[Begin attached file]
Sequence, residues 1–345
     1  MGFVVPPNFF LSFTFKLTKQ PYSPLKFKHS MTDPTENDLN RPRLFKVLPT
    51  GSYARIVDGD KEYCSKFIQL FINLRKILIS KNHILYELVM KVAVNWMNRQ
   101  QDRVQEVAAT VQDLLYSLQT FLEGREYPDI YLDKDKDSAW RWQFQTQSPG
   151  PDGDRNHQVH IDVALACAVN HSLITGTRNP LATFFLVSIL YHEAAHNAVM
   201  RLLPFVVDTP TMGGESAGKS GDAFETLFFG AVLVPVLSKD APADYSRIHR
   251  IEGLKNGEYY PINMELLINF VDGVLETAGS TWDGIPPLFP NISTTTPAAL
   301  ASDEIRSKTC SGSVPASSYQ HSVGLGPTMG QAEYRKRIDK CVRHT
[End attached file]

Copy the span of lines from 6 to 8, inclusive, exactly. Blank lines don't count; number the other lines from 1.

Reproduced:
   201  RLLPFVVDTP TMGGESAGKS GDAFETLFFG AVLVPVLSKD APADYSRIHR
   251  IEGLKNGEYY PINMELLINF VDGVLETAGS TWDGIPPLFP NISTTTPAAL
   301  ASDEIRSKTC SGSVPASSYQ HSVGLGPTMG QAEYRKRIDK CVRHT